103, the work premiered in Cologne by its Radio Symphony Orchestra, is scored for 103 unconducted players; it was rehearsed by Arturo Tamayo. The work lasts 90 minutes and was presented simultaneously with a film called One11 - both belong to a series of late works with numbered titles. The music consists mostly of soft, even luscious, beds of sustained chords penetrated by single, sharp stabbing sounds. Instrumental families are sometimes separated in function, but often mixed too. The film, made with the assistance of Andrew Culver, Van Carlson and Henning Lohner, is black-and-white and severe, slowly casting shadowy clouds and shapes like fingers across a bright white background. I tried listening analytically, then letting the sounds wash over me; I tried concentrating on the film, or shutting my eyes and ignoring it. But the enthusiasm of the near-capacity crowd baffled me.
'Anarchic Harmony' had been conceived by Stefan Schadler and Walter Zimmermann in celebration of the composer's 80th birthday. An astonishing quantity of Cage's large output was performed over the course of some three weeks, itself forming part of 'Frankfurt Feste '92'. This in turn contained plenty of other new music, including a ragbag evening of Frank Zappa performed by Ensemble Modern that apparently cost a small fortune.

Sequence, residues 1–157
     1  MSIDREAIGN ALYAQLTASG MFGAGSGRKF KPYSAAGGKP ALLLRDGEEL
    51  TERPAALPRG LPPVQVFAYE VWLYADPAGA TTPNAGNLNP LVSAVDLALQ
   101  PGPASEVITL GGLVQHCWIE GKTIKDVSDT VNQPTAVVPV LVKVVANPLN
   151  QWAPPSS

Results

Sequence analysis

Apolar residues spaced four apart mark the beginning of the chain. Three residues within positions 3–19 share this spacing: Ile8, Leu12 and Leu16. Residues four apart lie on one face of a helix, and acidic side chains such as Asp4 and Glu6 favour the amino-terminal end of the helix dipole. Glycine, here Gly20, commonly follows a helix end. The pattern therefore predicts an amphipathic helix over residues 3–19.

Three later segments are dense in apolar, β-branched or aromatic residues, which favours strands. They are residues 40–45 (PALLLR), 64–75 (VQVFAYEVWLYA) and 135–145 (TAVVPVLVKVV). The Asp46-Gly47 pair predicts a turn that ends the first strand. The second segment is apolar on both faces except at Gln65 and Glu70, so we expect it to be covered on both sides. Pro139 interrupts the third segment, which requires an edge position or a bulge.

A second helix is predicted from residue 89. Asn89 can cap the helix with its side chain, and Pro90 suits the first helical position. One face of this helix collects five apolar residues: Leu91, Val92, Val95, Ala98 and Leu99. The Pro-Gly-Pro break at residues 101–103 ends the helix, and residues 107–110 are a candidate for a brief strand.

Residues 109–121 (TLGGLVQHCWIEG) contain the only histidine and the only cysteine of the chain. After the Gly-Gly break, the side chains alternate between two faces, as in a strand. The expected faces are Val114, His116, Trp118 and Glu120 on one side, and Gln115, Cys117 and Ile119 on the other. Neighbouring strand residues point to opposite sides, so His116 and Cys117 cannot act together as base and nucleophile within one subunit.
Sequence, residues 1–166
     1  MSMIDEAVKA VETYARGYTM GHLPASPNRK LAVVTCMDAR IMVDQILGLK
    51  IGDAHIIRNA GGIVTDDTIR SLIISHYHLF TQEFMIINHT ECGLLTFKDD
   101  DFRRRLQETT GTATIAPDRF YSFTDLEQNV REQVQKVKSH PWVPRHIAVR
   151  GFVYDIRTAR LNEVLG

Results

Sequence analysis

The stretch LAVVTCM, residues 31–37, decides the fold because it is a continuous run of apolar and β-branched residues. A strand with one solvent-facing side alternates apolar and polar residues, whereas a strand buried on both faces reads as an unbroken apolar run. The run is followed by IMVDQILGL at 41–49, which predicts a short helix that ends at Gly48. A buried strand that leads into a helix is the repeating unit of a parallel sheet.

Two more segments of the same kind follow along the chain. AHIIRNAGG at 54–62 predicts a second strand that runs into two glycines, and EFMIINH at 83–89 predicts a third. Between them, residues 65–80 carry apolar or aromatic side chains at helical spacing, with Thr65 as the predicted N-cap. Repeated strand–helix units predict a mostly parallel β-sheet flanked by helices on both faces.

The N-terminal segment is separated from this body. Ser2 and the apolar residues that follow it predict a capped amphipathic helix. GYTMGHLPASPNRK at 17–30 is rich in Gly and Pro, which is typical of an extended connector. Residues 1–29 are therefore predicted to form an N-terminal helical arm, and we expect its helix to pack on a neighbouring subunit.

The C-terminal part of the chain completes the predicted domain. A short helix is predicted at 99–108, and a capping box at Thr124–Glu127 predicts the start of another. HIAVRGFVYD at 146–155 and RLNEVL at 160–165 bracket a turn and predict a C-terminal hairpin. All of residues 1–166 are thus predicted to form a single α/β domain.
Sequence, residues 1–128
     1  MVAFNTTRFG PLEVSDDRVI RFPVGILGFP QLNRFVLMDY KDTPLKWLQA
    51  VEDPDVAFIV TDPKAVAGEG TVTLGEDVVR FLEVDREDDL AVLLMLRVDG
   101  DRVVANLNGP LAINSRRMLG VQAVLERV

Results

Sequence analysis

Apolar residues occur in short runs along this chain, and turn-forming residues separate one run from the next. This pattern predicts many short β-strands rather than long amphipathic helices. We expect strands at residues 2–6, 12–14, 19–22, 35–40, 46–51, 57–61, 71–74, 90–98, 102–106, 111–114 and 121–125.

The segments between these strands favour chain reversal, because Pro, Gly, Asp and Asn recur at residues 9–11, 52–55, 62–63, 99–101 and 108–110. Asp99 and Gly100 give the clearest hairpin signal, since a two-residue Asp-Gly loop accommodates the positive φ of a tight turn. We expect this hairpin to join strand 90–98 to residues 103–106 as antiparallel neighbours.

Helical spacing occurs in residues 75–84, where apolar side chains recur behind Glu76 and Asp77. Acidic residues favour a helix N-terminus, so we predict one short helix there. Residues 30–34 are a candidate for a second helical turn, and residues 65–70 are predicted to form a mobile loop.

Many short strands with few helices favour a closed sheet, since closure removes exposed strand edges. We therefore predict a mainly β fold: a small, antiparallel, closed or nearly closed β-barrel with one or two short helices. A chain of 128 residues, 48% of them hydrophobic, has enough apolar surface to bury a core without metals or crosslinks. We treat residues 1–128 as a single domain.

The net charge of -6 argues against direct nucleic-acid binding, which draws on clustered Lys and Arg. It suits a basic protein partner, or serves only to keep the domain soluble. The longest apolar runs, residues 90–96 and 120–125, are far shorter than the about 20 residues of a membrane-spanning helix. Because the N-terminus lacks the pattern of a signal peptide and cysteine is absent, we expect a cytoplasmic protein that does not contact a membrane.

The major Cage event in the final days was a rare performance of all 32 Freeman Etudes for solo violin, which conjure increasingly fiendish difficulties for Irvine Arditti, for whom Cage completed the last 16 in 1990. Lasting 100 minutes on this occasion and drastically limited by comparison with 103, they nonetheless proved a much more rewarding experience; perhaps the manifest challenges to the player helped. As often with Cage, the discontinuities of these three-minute Etudes rarely focus on anything for long enough to observe a shape. On the other hand, I frequently felt that Cage was gluing sounds together which in the past would have seemed entirely unrelated. Arditti's virtuosity and stamina were the more compelling for being placed in the service of music which, despite permitting the listener's occasional indulgence in what Cage called 'taste and memory', remained resolutely Cageian in its resistance to selfish display.Reuse content